Art

TODAY

September 28, 2016

So what am I doing at the base of the sculpture ‘Birth’?

carving

I’m carving the letters TODAY.
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Six hundred million years earlier, visitors to Windgrove begin their 1.2 kilometre journey along the Gaia Evolution Walk where each big step (one metre) equals 500,000 years.

The years roll by with each step. From the Precambrian Eon through to the Cenozoic Era — via the Ordovician, Silurian, Devonian, Carboniferous, Permian, Triassic, Jurassic and Cretaceous Periods — The Walk is completed when people touch the sculpture ‘Birth’ with its inscribed word: TODAY

Interestingly enough, after almost five years in the making, this lettering marks the formal completion of the Gaia Evolution Walk. The Walk is finally finished.

“To the future”, I say.

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On the gate is the sign: The Future. Once inside, students within the expansive classroom of the Wombat Circle talk, not only of what they learned along the Gaia Evolution Walk, but how they view the future of the planet, the environmental and social changes that will surely occur, and, most importantly, what role they might play in helping to create a peaceful word for themselves and others.

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Another topic of discussion that I like to bring up is whether or not human constructed art has a place in the natural environment. Is the sculpture ‘Birth’ an eye sore? Or, a lovely addition to the surrounding trees? Is it just one man’s ego intruding on the landscape?

Or, does it move beyond a pleasing aesthetic and become transformative to a person’s life? And the earth’s.

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New version

March 1, 2016

Last year I posted a short one minute video that was part of an advertising campaign by Tourism Tasmania. Recently, the producer of that video sent me a five minute, “Director’s Cut”. This is a really beautifully crafted video. Enjoy.

Tourism Tasmania – Peter Adams from Brad Sayers Director on Vimeo.

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Dan Bailey at Windgrove

January 15, 2016

It’s been a whirlwind of drone footage and photos for the past month by long time friend and guest artist at Windgrove: Dan Bailey.

windgroveaerialcircles Dan

For a visual treat, go to Dan’s own blog to see more images and read what he has written about his time here.

www.panopicnic.com

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My long time friend Dan Bailey is visiting Windgrove for a month. Here’s his first video of the area.

Enjoy this visual treat.

Emily at Roaring Beach from Dan Bailey on Vimeo.

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If art is your life

August 17, 2015

To Millie

And to all young artists who are at the beginning of their hopefully long, most times rewarding yet sometimes torturous, career in the arts ……. some hints.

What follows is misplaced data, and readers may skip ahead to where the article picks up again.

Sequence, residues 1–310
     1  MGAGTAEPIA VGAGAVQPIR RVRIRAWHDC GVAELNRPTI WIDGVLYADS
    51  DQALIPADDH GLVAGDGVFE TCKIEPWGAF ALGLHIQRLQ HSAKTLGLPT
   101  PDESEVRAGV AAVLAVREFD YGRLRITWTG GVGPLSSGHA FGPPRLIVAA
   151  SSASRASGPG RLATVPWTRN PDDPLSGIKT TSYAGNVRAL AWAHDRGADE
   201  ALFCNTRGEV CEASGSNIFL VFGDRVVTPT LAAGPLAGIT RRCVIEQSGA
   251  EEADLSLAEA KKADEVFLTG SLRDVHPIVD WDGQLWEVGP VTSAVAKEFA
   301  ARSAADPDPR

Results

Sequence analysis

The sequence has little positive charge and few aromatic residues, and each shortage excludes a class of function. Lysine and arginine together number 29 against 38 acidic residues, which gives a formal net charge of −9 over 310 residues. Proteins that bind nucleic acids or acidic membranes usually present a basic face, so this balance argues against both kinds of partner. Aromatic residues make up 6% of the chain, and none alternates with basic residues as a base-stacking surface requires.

For the young who want to

Talent is what they say
you have after the novel
is published and favorably
reviewed. Beforehand what
you have is a tedious
delusion, a hobby like knitting.

Work is what you have done
after the play is produced
and the audience claps.
Before that friends keep asking
when you are planning to go
out and get a job.

Genius is what they know you
had after the third volume
of remarkable poems. Earlier
they accuse you of withdrawing,
ask why you don’t have a baby,
call you a bum.

The reason people want M.F.A.’s,
take workshops with fancy names
when all you can really
learn is a few techniques,
typing instructions and some-
body else’s mannerisms

is that every artist lacks
a license to hang on the wall
like your optician, your vet
proving you may be a clumsy sadist
whose fillings fall into the stew
but you’re certified a dentist.

The real writer is one
who really writes. Talent
is an invention like phlogiston
after the fact of fire.
Work is its own cure. You have to
like it better than being loved.

Marge Piercy

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Speaking of love, you must love your art as dearly as towards a person.

In my home, next to the dining table where I can view it daily, is nestled a tiny, fairly faded post card reproduction of ‘Pygmalion and Galatea’ by French sculptor Jean Leon Gerome. I keep it as a reminder of the power of artistic intention.

Basically, the painting is of an ancient myth where the sculptor Pygmalion falls in love with his own artistic creation. This love is so strongly felt that the sculpture literally comes to life.

My personal interpretation of this story is that, as artists, you and I have to love our work with such an intensity that what we create becomes embodied with a life that is as viscerally connected to us as with our own children.

To be frank, most people will have no understanding of what this means and they will continually, from ignorance, refer to our works as though they were just objects or things. Certainly, nothing imbued with heart or soul.

But be kind to these people, as they know not what they talk about.